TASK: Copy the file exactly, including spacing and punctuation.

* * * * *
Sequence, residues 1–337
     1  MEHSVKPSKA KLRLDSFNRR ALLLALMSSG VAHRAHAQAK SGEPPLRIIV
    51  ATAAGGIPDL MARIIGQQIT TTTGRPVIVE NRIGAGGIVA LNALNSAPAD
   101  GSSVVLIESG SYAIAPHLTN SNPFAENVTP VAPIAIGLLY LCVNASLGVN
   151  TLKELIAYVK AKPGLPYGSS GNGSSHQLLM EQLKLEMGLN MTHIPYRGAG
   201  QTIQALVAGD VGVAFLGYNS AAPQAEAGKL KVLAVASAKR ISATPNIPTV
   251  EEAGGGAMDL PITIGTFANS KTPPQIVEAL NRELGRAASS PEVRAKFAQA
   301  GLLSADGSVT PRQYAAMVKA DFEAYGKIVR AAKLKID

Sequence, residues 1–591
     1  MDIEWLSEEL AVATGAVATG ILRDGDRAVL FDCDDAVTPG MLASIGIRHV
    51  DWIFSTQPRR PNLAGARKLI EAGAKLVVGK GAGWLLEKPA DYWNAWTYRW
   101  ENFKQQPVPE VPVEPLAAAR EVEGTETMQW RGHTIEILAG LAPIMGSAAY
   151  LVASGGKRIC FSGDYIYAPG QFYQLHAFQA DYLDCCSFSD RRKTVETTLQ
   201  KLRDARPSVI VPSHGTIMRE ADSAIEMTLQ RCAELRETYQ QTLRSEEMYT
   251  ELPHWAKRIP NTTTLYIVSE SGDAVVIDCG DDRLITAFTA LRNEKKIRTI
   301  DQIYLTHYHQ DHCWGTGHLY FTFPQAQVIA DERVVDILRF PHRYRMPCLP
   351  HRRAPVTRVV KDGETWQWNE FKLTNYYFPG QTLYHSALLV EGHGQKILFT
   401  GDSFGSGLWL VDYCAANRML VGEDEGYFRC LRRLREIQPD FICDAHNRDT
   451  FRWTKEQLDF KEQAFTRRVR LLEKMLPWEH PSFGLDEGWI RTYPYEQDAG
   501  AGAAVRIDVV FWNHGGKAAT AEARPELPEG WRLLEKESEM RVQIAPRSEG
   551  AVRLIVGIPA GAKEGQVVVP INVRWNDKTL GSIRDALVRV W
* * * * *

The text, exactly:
Sequence, residues 1–337
     1  MEHSVKPSKA KLRLDSFNRR ALLLALMSSG VAHRAHAQAK SGEPPLRIIV
    51  ATAAGGIPDL MARIIGQQIT TTTGRPVIVE NRIGAGGIVA LNALNSAPAD
   101  GSSVVLIESG SYAIAPHLTN SNPFAENVTP VAPIAIGLLY LCVNASLGVN
   151  TLKELIAYVK AKPGLPYGSS GNGSSHQLLM EQLKLEMGLN MTHIPYRGAG
   201  QTIQALVAGD VGVAFLGYNS AAPQAEAGKL KVLAVASAKR ISATPNIPTV
   251  EEAGGGAMDL PITIGTFANS KTPPQIVEAL NRELGRAASS PEVRAKFAQA
   301  GLLSADGSVT PRQYAAMVKA DFEAYGKIVR AAKLKID

Sequence, residues 1–591
     1  MDIEWLSEEL AVATGAVATG ILRDGDRAVL FDCDDAVTPG MLASIGIRHV
    51  DWIFSTQPRR PNLAGARKLI EAGAKLVVGK GAGWLLEKPA DYWNAWTYRW
   101  ENFKQQPVPE VPVEPLAAAR EVEGTETMQW RGHTIEILAG LAPIMGSAAY
   151  LVASGGKRIC FSGDYIYAPG QFYQLHAFQA DYLDCCSFSD RRKTVETTLQ
   201  KLRDARPSVI VPSHGTIMRE ADSAIEMTLQ RCAELRETYQ QTLRSEEMYT
   251  ELPHWAKRIP NTTTLYIVSE SGDAVVIDCG DDRLITAFTA LRNEKKIRTI
   301  DQIYLTHYHQ DHCWGTGHLY FTFPQAQVIA DERVVDILRF PHRYRMPCLP
   351  HRRAPVTRVV KDGETWQWNE FKLTNYYFPG QTLYHSALLV EGHGQKILFT
   401  GDSFGSGLWL VDYCAANRML VGEDEGYFRC LRRLREIQPD FICDAHNRDT
   451  FRWTKEQLDF KEQAFTRRVR LLEKMLPWEH PSFGLDEGWI RTYPYEQDAG
   501  AGAAVRIDVV FWNHGGKAAT AEARPELPEG WRLLEKESEM RVQIAPRSEG
   551  AVRLIVGIPA GAKEGQVVVP INVRWNDKTL GSIRDALVRV W